Econ 101 final exam a+

 

ECON 101 Final Exam A+

Part 1 of 1 –

99.99999 Points

Question 1 of 20

4.45 Points

The representative firm in a purely competitive industry:

 A.Will always earn a profit in the short run

 B.May earn either an economic profit or a loss in the long run

 C.Will always earn an economic profit in the long run

 D.Will earn an economic profit of zero in the long run

Question 2 of 20

4.45 Points

An example of a monopolistically competitive industry would be:

 A.Steel

 B.Soybeans

 C.Electricity

 D.Retail clothing

Feedback: See page 275 – 276.

Question 3 of 20

4.45 Points

Firms in an industry will not earn long-run economic profits if:

 A.Fixed costs are zero

 B.The number of firms in the industry is fixed

 C.There is free entry and exit of firms in the industry

 D.Production costs for a given level of output are minimized

Feedback: See page 240.

Question 4 of 20

4.45 Points

Marginal product is:

 A.the increase in total output attributable to the employment of one more worker.

 B.the increase in total revenue attributable to the employment of one more worker.

 C.the increase in total cost attributable to the employment of one more worker.

 D.total product divided by the number of workers employed.

Feedback: See page 201.

Question 5 of 20

4.45 Points

The law of diminishing returns indicates that:

 A.as extra units of a variable resource are added to a fixed resource, marginal product will decline beyond some point.

 B.because of economies and diseconomies of scale a competitive firm’s long-run average total cost curve will be U-shaped.

 C.the demand for goods produced by purely competitive industries is downsloping.

 D.beyond some point the extra utility derived from additional units of a product will yield the consumer smaller and smaller extra amounts of satisfaction.

Feedback: See page 204.

Question 6 of 20

4.45 Points

If average total cost is declining, then:

 A.marginal cost must be greater than average total cost.

 B.the average fixed cost curve must lie above the average variable cost curve.

 C.marginal cost must be less than average total cost.

 D.total cost must also be declining.

Feedback: See page 208.

Question 7 of 20

4.45 Points

Average fixed costs diminish continuously as output increases.

 True

 False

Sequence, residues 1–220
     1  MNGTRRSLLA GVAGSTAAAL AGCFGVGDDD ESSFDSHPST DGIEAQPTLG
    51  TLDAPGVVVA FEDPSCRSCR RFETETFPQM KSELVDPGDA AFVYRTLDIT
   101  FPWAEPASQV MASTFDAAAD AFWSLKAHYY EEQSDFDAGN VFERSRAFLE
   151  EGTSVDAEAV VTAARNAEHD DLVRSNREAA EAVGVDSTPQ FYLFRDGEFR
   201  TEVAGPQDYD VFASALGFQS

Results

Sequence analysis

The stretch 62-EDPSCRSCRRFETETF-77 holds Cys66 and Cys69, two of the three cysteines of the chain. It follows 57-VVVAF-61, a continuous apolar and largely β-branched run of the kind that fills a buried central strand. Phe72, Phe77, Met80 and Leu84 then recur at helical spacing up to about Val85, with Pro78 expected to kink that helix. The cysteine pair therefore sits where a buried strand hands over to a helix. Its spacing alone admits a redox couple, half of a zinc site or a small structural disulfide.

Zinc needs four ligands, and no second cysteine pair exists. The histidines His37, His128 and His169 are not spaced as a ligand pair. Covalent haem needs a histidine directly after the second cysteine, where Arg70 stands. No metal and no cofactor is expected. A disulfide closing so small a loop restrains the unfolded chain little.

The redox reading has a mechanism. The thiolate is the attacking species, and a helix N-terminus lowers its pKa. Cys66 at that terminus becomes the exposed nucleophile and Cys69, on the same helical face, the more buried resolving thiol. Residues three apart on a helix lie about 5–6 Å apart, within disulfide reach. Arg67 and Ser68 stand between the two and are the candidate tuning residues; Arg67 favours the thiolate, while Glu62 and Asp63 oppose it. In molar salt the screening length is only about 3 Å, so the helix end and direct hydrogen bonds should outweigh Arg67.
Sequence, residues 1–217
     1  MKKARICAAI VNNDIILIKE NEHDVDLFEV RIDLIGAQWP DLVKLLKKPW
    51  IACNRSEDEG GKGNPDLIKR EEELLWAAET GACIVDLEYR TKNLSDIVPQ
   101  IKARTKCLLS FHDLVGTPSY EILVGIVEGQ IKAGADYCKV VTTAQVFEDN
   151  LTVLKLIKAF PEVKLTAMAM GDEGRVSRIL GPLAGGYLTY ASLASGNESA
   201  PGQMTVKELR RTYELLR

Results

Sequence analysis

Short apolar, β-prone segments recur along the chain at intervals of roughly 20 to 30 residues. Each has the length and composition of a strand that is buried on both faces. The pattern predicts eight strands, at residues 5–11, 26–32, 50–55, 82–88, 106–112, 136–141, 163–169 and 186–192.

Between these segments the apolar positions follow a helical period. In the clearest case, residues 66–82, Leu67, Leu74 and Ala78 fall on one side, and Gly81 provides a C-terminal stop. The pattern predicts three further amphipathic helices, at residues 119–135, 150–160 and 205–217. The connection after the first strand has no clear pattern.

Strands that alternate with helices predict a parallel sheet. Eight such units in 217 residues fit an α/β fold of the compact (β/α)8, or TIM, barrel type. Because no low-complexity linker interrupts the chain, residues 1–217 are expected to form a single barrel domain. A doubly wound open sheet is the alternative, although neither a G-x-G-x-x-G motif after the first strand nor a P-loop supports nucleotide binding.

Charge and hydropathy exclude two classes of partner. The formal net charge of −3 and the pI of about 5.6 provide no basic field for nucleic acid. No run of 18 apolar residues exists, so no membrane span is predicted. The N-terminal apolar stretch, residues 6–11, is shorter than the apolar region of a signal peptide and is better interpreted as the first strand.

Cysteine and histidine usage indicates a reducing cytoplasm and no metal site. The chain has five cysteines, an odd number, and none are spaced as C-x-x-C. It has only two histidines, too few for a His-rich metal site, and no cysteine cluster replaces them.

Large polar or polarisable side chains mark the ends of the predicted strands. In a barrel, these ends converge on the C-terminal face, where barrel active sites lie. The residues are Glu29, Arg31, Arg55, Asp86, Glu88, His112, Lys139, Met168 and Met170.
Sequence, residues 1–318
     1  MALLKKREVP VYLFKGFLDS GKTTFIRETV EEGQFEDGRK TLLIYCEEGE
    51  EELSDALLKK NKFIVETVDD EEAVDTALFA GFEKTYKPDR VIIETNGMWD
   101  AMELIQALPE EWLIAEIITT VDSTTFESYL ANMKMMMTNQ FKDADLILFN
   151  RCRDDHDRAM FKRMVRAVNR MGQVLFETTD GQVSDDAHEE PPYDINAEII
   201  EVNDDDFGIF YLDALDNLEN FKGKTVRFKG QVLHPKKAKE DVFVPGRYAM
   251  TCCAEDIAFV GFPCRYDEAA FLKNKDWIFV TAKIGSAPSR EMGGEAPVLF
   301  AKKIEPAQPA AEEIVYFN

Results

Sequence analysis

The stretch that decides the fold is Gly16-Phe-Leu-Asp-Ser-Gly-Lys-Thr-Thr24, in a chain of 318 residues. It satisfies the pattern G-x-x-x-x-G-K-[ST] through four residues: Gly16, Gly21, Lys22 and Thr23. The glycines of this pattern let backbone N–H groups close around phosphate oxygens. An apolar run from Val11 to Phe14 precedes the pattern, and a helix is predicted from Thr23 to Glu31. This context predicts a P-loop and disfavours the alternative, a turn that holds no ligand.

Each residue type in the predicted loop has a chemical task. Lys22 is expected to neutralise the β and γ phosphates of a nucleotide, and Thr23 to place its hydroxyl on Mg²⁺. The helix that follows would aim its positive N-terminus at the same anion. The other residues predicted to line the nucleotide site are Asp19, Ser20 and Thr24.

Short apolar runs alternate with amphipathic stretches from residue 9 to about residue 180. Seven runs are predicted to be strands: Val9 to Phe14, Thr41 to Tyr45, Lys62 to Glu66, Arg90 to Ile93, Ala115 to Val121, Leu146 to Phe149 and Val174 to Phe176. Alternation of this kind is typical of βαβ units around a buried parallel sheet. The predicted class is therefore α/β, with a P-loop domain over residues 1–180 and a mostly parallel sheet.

Feedback: See page 208.

Question 8 of 20

4.45 Points

Patents and copyrights were established by the government to reduce oligopoly and monopoly power.

 True

 False

Feedback: See page 246 – 247.

Question 9 of 20

4.45 Points

A purely competitive firm is a price maker, but a monopolist is a price taker.

 True

 False

Feedback: See page 226.

Question 10 of 20

4.45 Points

The profit-maximizing rule MC = MR is followed by firms under:

 A.monopolistic competition, but not perfect competition.

 B.perfect competition, but not monopolistic competition.

 C.either monopolistic competition or perfect competition, depending on the costs of production.

 D.both monopolistic competition and perfect competition.

Feedback: Great job. See page 277.

Question 11 of 20

4.35 Points

A perfectly competitive firm will continue producing in the short run as long as it can cover its:

 A.total cost.

 B.average total cost.

 C.average variable cost.

 D.average fixed cost.

Feedback: Great work! See bottom of page 235.

Question 12 of 20

4.45 Points

A perfectly competitive firm will earn a profit and will continue producing the profit-maximizing quantity of output in the short run if price is:

 A.greater than marginal cost.

 B.less than marginal cost.

 C.less than average variable cost.

 D.greater than average total cost.

Feedback: Great work! See page 233.

Question 13 of 20

4.45 Points

Monopolistic competition is an industry characterized by:

 A.a product with many close substitutes.

 B.a horizontal demand curve.

 C.a small number of firms.

 D.barriers to entry and exit.

Feedback: Great work. See page 276.

Question 14 of 20

4.45 Points

If a perfectly competitive firm increases production from 10 units to 11 units, and the market price is $20 per unit, total revenue for 10 units is:

 A.$10.